Our first batch of broiler chicks has been ordered and will arrive on May 4. Three short weeks after that, all 170 birds will be out of the brooder and onto the pasture.
I haven’t built broiler pens yet.
Nothing like having a deadline to light a fire under you.
Fortunately, Tyler’s dad Bradd is building ten new broiler pens for their farm this week, so I volunteered my outstanding construction expertise (ha!) in exchange for some pen-building tips. The verdict is that these things are really easy to build, and they don’t take long at all. With three of us working, we made three frames in just a few hours. The lids and siding are projects for another day, so I’ll post pictures of that when we get there.
For the uninitiated, here are a couple pictures of what a Salatin-style broiler pen looks like:
The pens are specifically constructed to be lightweight yet sturdy. Unlike copy-cat pens made from PVC, these will hold up over the years. They are moved every couple days by sliding a dolly under the end and then walking backwards while pulling a handle on the front. (Edit: these pens are moved every day). The dolly is visible in the first photo, at Joel’s right shoulder.
The chickens are get water from a Bell-Matic automatic waterer that hangs in the pen. It is connected to a water reserve in the black five-gallon bucket with plastic tubing. Each pen has one feeder made from 5 ft long, 6-inch diameter PVC pipe cut in half on the horizontal, which you lift out before you move the pen. I’ll have a feeder construction tutorial up soon, but for the time being here is a crummy iPhone picture for reference.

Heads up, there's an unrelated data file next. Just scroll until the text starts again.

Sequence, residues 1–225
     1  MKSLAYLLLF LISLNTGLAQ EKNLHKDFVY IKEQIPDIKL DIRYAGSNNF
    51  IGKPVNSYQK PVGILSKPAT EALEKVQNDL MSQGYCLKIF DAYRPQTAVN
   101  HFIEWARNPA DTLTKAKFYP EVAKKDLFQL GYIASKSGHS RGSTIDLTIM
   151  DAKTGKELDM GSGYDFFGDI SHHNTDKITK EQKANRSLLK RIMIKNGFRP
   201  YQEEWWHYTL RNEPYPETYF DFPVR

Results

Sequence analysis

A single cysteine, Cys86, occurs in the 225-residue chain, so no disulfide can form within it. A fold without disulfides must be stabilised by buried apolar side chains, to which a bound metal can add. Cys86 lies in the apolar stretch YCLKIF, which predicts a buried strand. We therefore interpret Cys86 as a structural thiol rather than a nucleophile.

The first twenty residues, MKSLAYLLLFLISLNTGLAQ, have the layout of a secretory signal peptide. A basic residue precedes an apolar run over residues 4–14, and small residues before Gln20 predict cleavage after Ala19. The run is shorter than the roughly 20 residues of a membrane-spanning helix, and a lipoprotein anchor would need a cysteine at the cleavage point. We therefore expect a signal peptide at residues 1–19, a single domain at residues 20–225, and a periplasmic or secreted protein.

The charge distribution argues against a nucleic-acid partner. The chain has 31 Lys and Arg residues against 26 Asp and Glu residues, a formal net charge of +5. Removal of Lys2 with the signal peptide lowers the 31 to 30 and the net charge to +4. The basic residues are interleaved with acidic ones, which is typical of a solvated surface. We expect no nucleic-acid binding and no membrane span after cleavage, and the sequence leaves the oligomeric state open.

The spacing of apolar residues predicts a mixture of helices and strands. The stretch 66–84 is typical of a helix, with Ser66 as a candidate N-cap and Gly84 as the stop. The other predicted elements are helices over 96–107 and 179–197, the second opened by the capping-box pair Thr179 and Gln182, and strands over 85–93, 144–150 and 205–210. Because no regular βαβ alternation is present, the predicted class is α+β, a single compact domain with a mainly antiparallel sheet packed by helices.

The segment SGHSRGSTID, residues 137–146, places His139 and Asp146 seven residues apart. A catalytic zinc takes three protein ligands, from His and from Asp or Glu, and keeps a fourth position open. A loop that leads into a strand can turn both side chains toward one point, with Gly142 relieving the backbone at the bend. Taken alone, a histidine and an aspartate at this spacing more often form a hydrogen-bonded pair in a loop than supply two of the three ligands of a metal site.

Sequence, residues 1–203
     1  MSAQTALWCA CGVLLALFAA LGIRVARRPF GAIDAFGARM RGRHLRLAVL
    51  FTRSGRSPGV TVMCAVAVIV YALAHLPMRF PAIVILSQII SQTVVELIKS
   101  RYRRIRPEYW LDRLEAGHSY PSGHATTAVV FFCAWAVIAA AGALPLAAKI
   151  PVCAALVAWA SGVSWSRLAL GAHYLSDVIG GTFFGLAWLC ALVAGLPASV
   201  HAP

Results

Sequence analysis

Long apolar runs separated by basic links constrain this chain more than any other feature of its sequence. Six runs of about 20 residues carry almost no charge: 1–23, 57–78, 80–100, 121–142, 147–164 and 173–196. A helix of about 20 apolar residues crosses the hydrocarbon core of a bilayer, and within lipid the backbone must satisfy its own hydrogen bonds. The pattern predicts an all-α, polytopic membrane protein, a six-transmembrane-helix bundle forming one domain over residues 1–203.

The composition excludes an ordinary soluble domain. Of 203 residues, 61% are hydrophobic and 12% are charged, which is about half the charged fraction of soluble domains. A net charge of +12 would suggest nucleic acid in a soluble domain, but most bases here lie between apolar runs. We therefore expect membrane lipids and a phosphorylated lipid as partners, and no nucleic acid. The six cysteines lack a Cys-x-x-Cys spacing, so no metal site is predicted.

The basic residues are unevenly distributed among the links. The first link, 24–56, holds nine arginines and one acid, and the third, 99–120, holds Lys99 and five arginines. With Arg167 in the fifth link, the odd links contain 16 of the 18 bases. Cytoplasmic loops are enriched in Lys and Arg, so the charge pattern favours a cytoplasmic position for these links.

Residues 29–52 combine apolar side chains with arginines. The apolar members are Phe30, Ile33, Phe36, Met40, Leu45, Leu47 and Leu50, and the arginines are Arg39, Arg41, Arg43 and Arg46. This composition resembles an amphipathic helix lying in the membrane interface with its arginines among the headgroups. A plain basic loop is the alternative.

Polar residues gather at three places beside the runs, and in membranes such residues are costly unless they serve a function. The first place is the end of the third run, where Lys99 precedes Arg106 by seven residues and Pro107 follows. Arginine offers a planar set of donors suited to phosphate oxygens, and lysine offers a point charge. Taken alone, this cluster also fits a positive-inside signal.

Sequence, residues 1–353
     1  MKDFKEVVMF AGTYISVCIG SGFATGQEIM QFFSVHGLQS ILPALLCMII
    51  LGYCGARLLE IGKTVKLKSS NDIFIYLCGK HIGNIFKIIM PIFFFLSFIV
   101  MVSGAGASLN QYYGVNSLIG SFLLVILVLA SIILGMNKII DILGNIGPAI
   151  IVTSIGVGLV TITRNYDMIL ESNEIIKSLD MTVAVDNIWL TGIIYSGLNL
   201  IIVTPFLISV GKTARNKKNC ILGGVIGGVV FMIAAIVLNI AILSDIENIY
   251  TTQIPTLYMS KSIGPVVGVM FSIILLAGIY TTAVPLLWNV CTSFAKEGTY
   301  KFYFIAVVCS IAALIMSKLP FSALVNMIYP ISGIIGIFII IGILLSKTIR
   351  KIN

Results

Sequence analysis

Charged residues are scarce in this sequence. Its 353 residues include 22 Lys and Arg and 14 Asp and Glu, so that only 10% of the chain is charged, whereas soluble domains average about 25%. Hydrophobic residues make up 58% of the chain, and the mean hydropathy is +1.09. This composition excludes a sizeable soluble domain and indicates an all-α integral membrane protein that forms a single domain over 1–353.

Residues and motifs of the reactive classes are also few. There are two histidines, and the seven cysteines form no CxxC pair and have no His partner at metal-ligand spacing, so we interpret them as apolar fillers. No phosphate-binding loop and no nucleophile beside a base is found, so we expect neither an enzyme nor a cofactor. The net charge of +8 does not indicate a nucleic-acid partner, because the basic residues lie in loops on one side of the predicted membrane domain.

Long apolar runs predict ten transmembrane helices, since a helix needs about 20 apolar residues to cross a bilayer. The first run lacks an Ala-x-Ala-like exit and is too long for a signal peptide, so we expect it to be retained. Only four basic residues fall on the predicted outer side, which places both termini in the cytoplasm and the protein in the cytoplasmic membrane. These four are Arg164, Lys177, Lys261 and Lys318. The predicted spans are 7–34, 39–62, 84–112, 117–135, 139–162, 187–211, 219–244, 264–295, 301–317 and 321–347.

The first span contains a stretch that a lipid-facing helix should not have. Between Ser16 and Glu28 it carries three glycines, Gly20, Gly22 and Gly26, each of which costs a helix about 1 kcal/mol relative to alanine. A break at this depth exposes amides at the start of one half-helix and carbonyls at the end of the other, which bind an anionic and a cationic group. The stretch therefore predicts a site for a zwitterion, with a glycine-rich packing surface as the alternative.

So, without further ado, here’s a picture of the frame of a broiler pen. It is completed; it just lacks wire to keep it taut, siding, and a lid.
Here’s a clearer picture of the end piece:
As soon as Bradd gets me the materials list and lumber specifications, I’ll post it here. I have had little luck finding any of this on the internet, so I’m sure this will be of use to someone.
(Edit: You can see the plans for the broiler pasture shelters on my 4/29/11 post. Click here: Broiler Pasture Shelter Plans.)
And yes, I realize it looks like I live at Afton Field Farm. I do, kind of. So, if you’re learning anything at all on this site, thank them!